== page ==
CEO April 2014 Update

Samuel H. Asher CEO

We are our brother’s keeper’

Nathan Shor, president of the JCFR, has often been quoted as saying, “We are our brother’s keeper.” 

So, it is no surprise that the JCFR opened a JFNA mailbox to collect funds for the Ukrainian Assistance effort. On March 10, the JCFR Executive Committee committed $10,000 for the Assistance Effort to respond to the needs facing the Ukrainian Jewish community.

The American Jewish Joint Distribution Committee (JDC), an agency that receives funding from The Jewish Community Federation of Richmond, is taking aggressive action.

In response to food shortages, metro service suspension and a growing sense of fear among Jewish elderly, JDC activated its emergency network in the Ukraine on March 6. This effort is focused on vulnerable elderly Jews and will allow emergency mobile units to deliver food, medicine and other necessities.

JDC also is providing daily and overnight home-care services. Ukraine stands as the third largest Jewish community in Europe (300,000 Jews), and the fifth largest in the world. JDC has been working to support Ukraine’s poorest Jews and revitalize Jewish life since the fall of the Soviet Union.

Mark Sisisky, JDC Executive Committee member and chair of its FSU Committee, sent the following report from JDC staff in the Crimea. This is particularly important as the Crimea voted to secede from the Ukraine in a recent election.

“Transportation is disrupted or difficult, the banking system is unstable, and the prices of necessities like food and gas have sharply increased – JDC’s Hesed social welfare center has continued caring for the most vulnerable among the community’s 9,000 Jews.”

Here are excerpts from the report:

In all the locations of Crimea the situation is rather tense. Roads remain blocked. Trains run irregularly; Ukrainian airlines do not fly to Simferopol.

The majority of the Ukrainian military bases continue to be occupied by Russian military.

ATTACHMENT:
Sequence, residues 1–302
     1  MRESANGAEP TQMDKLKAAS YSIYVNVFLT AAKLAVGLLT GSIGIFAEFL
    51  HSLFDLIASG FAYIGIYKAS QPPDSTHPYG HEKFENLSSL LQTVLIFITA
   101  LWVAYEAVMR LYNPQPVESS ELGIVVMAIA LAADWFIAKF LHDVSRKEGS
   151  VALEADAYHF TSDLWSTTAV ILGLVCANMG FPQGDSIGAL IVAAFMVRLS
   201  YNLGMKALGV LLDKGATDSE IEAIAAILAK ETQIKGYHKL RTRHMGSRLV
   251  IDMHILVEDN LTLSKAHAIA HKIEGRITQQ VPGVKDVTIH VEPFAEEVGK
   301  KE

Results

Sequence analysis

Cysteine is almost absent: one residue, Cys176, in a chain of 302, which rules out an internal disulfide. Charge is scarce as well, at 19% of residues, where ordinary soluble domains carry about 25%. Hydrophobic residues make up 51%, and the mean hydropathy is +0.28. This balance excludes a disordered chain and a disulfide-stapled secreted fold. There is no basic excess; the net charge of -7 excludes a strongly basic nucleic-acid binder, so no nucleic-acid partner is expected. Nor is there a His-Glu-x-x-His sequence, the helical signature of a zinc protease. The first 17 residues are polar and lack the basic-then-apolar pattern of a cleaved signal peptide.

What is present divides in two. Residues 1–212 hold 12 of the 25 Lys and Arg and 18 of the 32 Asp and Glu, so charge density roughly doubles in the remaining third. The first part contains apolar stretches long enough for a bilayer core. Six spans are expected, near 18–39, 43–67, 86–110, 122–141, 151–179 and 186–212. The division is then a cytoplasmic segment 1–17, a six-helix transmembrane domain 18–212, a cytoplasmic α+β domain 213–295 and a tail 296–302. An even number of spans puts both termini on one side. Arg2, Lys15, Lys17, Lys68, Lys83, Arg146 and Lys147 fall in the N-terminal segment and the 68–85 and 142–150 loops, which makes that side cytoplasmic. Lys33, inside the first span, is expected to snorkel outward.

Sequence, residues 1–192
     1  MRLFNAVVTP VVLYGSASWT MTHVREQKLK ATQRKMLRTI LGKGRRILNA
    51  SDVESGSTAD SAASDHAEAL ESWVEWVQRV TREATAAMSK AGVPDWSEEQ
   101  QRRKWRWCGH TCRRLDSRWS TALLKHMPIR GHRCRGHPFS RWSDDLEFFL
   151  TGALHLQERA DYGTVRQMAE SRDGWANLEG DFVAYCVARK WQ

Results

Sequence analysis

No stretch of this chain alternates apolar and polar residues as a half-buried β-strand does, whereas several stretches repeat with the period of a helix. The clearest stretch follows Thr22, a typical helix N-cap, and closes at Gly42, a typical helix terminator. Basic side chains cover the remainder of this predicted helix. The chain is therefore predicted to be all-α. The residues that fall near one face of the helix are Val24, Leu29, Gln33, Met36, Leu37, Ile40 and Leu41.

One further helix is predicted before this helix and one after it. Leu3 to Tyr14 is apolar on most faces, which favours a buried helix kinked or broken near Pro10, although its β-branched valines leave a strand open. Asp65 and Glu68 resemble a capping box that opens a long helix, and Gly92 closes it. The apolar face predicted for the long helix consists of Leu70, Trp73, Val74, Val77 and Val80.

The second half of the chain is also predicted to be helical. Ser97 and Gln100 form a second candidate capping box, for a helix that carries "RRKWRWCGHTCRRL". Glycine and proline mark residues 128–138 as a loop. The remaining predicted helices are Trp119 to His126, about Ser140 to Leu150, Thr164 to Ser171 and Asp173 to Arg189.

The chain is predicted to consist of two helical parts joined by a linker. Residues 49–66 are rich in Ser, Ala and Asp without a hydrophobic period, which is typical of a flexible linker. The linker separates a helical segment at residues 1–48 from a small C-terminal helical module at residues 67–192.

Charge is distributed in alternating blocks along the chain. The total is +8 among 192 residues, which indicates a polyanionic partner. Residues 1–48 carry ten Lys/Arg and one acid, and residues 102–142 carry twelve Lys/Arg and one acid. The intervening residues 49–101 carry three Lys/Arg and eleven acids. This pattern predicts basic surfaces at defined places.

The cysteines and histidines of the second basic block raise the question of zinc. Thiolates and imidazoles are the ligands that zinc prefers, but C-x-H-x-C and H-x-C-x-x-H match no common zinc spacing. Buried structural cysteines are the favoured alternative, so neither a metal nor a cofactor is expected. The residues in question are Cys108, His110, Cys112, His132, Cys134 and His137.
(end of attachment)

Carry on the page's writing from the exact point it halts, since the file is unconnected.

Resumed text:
In Kherson, pro-Russian and pro-Ukrainian groups gather in various central locations of the city; on March 13 – when Kherson celebrated the anniversary of its liberation from the Nazis – anti-Semitic leaflets spread around the city.

In Donetsk, during violent fights between pro-Russian and pro-Ukrainian supporters, at least two people were killed, and more than 50 were wounded.

The former head of the Kharkov Administration M. Dobkin and Kharkov Mayor G. Kernes were called to the General Prosecutor’s Office and both were placed under house arrest. They claim all accusations are a matter of settling political scores.

During a demonstration in Kharkov to support Kernes, about 10,000 people expressed their support for the mayor in the central square. The Ukrainian government stopped broadcasting the main Russian channels on Ukrainian TV and most TV-providers have already done so.

Banks and finances

The banking systems are working but with some limits. In the country, except the Crimean peninsula, there are no lines at ATM machines. In Crimea, ATM machines allow cash withdrawal of a maximum 300 UAH. Privat Bank is not allowing their customers to withdraw savings and credit accounts.

Food and medications

Ukrainian pharmacies and supermarkets are at-risk of closing in the Crimea due to the danger of losing control over their businesses. Most grocery stores and supermarkets have enough food products in stock though the choice of imported goods is worsening.

Most pharmacies have a regular stock of Ukraine-produced medications but the prices for them are increasing steadily. The choice of imported medications is shrinking. This influences our clients’ ability to choose the necessary medications.

Heseds report increases in requests for medications and hospitalization for heart issues. Costs of gas increased dramatically in Crimea by 20-30%. Fortunately, Heseds bought in advance vouchers that can be enough for another quarter if the petrol chain continues to exist and will have supplies.

Heseds and clients

In the Crimea, Heseds tend to receive more calls from the clients who are very anxious. Hesed staff members keep on providing psychological support by telephone and at regular visits to try and ease the stress that clients are now in. The uncertainty of the future of this territory and the personal results it might bring is the main reason for this stress.

The Heseds teams in Crimea are working in full capacity. All workers are highly devoted to their work regardless of being Jewish, Tatar, Ukrainian or Russian. It is very clear that the team is under a very serious stress.

Citizens of Crimea have started to arrive in Kiev and other regions of central & western Ukraine. 265 Crimean families are expected to arrive in the Rovno region in the nearest days. People have begun to create lists of volunteers ready to host people from Crimea at their apartments.

JCFR will keep you posted as more information becomes available.  To donate to help our fellow Jews in the Ukraine, please visit and contribute to the Ukrainian Assistance Fund.

Please remember, “We are our brother’s keeper.”

As always, call (804) 545-8622 – or write me, email me at  or text me and let me know if you are interested in joining us.


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